Take the 2-minute tour ×
Super User is a question and answer site for computer enthusiasts and power users. It's 100% free, no registration required.

A friend of mine sends me this. He is afraid that process 7680 is an intruder. Is it possible ? Could it be that he had run a sudo command (that would have forked a shell?). He mentioned connecting on ssh to the target machine recently.

ps aux|grep ssh
 root       681  0.0  0.0   6308   668 ?        Ss   Feb22   0:00 /usr/sbin/sshd
 fanfan     898  0.0  0.0   4024   152 ?        Ss   Feb22   0:00 /usr/bin/ssh-agent -s
 root     26308  0.3  0.0   7680  2340 ?        Ss   12:05   0:00 sshd: [accepted]
 nobody   26309  0.0  0.0   7652  1068 ?        S    12:05   0:00 sshd: [net]
 root     26311  0.0  0.0    964   160 pts/2    D+   12:05   0:00 grep ssh
share|improve this question

1 Answer 1

up vote 3 down vote accepted

It certainly could be someone trying to establish an ssh session with the computer. Depending on the operating system you're using, such sessions will be logged.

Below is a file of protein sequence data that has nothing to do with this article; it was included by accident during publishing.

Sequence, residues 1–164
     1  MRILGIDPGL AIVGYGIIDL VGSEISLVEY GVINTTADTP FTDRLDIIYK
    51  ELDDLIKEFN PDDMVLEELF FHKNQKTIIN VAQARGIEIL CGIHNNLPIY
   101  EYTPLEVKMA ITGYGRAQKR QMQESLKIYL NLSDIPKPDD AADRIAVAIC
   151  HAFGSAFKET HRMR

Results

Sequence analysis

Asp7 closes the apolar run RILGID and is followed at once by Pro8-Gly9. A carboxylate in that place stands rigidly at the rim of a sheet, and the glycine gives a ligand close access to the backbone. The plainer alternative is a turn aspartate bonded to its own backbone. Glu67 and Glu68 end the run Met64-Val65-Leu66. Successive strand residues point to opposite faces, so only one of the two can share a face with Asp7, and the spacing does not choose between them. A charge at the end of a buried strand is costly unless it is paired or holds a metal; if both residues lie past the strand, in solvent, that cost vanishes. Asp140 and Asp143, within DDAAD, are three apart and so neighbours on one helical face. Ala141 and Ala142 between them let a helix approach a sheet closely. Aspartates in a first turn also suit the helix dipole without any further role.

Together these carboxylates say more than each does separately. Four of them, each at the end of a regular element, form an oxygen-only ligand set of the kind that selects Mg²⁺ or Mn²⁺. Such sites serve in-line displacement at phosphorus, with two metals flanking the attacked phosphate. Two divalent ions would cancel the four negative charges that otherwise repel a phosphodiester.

Usually they are logged in one of the below files:

/var/log/syslog
/var/log/auth
/var/log/auth.log
/var/log/secure
/var/logs/system.log

If you can't find anything, you can try running these commands with root privileges to give you an idea of where to look:

grep -ir ssh /var/log/*
grep -ir sshd /var/log/*
grep -ir breakin /var/log/*
grep -ir security /var/log/*

See if any suspicious IP's, hostnames or warnings show up in the logs. If so, you might blacklist them.

If you reboot the computer, remnant SSH sessions should dissolve. So if those processes keep spawning without your friend using SSH, something or someone else is connecting to the computer.

share|improve this answer

Your Answer

 
discard

By posting your answer, you agree to the privacy policy and terms of service.

Not the answer you're looking for? Browse other questions tagged or ask your own question.